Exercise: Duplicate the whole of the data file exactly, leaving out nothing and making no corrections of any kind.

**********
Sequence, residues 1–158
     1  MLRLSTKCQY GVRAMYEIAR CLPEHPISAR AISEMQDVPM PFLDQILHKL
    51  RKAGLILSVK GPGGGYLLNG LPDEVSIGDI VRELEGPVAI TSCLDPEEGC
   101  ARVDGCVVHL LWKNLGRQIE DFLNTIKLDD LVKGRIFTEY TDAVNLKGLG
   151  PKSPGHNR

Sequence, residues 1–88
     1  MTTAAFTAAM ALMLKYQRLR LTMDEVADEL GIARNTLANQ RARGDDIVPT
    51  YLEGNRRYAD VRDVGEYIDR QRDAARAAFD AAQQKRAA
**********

Sequence, residues 1–158
     1  MLRLSTKCQY GVRAMYEIAR CLPEHPISAR AISEMQDVPM PFLDQILHKL
    51  RKAGLILSVK GPGGGYLLNG LPDEVSIGDI VRELEGPVAI TSCLDPEEGC
   101  ARVDGCVVHL LWKNLGRQIE DFLNTIKLDD LVKGRIFTEY TDAVNLKGLG
   151  PKSPGHNR

Sequence, residues 1–88
     1  MTTAAFTAAM ALMLKYQRLR LTMDEVADEL GIARNTLANQ RARGDDIVPT
    51  YLEGNRRYAD VRDVGEYIDR QRDAARAAFD AAQQKRAA